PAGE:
DW: I always ask people: "What’s the long-term effect of too much information?" You have to be taught to hate. You have to be taught to dislike. Malcolm X said that, in World War II, we were taught to hate the Germans and love the Russians. Ten year later, we were loving the Germans and hating the Russians. Who changed your mind? If I had anything to say to people is be real careful about your information that you’re taking as the gospel truth and who is giving it to you, and why you believe it. People say, “Are you a Republican or a Democrat?” I’m like, “I’m independent.” I’m not in the Independent Party, but I try to be an independent thinker. We’re bombarded with propaganda from the left and the right all over television and everywhere else. It’s like all day long, “It’s his fault. It’s his fault. It’s his fault.” Then you’ll come out of the house, “It’s his fault.” Islam is not to blame for 9/11. Radical factions or aspects of it are to blame. That’s no more than Christianity being responsible for whatever radical aspects. Obviously, those are always fringe, and people are hurting. They have a pain that they need healed. Everyone has to be aware of what they’re receiving. It’s not always the truth. It’s just information. I’m not knocking the information-givers. They've got 24 hours of news to fill up. They've got to come up with something. That’s why every show now has three guys with different opinions. It’s the same show over and over. “Well, how do you feel about tape recorders?” “I hate them. I think they’re the reason that the world is coming to an end.” “I love tape recorders. My uncle has a tape recorder business.” It’s the same thing over and over and over. You can become frozen and fearful and you don’t leave the house. You watch the TV, you won’t want to leave. “Don’t go out--the Bogeyman is out there. Shut your door.”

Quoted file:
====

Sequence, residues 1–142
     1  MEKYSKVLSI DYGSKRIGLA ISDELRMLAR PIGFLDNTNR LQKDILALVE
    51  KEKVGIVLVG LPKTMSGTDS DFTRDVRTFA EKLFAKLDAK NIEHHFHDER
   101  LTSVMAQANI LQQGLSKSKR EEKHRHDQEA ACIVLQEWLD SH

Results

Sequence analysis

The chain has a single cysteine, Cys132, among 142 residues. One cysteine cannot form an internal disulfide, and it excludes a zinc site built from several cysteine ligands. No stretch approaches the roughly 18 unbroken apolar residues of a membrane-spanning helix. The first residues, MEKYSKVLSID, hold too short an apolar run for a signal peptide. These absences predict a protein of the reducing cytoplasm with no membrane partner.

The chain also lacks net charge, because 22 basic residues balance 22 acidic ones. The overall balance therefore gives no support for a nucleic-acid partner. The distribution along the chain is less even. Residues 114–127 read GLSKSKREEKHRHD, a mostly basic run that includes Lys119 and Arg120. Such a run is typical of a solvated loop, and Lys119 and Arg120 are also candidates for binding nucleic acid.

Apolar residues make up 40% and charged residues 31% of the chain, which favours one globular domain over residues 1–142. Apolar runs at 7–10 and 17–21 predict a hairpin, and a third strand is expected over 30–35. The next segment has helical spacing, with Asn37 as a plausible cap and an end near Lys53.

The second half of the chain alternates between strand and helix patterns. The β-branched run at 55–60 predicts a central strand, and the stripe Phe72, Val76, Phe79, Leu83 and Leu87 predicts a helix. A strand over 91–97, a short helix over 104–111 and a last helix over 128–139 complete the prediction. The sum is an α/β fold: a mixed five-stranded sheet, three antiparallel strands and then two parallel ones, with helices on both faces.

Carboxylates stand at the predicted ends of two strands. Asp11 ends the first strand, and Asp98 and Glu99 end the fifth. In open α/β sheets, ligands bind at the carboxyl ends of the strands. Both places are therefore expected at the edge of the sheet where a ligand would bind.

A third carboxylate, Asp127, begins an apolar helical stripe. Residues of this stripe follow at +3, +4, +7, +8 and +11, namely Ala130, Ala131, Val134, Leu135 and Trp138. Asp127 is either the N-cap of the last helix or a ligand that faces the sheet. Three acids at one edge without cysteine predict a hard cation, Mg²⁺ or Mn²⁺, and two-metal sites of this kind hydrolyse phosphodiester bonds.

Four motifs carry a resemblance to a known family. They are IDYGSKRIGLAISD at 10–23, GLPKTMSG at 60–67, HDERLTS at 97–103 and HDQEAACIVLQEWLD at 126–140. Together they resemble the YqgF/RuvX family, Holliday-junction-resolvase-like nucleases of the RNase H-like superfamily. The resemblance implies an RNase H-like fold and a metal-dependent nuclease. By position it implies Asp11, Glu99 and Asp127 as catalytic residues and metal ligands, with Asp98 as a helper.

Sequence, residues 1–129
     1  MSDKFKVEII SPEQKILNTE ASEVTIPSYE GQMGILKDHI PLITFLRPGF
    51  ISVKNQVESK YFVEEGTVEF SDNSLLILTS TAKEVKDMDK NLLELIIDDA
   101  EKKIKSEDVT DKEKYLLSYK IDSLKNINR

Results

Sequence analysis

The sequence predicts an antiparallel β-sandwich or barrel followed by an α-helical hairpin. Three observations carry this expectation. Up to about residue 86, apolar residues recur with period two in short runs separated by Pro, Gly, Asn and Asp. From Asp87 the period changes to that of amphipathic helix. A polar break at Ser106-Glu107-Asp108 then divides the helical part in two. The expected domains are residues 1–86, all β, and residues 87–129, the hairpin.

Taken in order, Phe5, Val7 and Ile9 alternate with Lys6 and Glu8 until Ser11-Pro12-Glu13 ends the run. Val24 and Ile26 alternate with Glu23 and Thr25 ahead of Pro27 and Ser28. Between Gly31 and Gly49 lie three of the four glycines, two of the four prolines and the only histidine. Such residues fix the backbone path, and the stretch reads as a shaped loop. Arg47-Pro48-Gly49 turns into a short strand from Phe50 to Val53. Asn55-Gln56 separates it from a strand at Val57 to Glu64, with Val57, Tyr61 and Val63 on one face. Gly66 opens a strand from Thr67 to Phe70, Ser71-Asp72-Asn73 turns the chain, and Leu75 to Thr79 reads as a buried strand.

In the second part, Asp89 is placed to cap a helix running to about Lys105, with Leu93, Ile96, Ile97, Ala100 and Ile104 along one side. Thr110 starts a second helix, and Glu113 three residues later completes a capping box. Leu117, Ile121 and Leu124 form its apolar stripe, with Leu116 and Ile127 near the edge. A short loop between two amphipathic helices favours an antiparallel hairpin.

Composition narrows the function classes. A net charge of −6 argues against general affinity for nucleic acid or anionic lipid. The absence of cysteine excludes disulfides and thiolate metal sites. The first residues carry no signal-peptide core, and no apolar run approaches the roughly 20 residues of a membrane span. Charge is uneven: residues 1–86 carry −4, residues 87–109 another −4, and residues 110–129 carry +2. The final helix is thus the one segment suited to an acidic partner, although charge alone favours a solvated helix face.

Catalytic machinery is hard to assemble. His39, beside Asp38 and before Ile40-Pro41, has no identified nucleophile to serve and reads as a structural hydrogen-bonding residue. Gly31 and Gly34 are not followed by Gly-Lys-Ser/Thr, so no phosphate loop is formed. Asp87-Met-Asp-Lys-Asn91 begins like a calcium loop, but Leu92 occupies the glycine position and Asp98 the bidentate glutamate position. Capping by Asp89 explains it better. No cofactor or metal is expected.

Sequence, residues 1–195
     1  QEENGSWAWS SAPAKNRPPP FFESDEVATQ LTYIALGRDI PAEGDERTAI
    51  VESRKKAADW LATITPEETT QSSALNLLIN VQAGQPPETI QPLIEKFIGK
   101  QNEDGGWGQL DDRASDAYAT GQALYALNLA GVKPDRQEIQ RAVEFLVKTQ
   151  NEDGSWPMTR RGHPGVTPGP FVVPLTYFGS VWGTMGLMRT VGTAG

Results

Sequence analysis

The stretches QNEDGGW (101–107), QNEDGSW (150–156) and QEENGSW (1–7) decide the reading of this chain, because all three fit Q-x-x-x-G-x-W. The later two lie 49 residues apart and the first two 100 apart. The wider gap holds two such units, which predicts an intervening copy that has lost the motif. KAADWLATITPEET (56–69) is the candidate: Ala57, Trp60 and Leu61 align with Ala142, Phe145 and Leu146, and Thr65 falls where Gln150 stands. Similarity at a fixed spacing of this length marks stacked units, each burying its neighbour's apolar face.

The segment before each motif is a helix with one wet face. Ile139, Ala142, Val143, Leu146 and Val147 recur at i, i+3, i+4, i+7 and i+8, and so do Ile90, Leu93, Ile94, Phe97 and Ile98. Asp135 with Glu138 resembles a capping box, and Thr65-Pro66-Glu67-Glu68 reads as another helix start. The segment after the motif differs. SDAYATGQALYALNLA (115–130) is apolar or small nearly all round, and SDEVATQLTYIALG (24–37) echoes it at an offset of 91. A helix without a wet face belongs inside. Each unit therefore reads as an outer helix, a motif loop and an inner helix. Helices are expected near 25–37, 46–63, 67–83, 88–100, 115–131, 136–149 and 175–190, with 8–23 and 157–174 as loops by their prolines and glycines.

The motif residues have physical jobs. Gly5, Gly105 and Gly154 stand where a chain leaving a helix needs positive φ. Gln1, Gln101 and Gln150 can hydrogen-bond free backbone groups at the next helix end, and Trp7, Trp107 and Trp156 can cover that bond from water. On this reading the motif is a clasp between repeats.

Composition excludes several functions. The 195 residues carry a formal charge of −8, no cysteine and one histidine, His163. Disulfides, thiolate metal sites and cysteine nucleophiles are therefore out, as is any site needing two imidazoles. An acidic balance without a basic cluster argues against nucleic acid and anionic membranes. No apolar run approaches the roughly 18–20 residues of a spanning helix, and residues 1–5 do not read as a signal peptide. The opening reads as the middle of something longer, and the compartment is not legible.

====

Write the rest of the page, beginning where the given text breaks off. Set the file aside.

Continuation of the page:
EI: You seem to embrace characters that are normal, working class, everyday people who find some kind of inspiration within them and rise to challenge and inspire others. Is there someone in your life like that?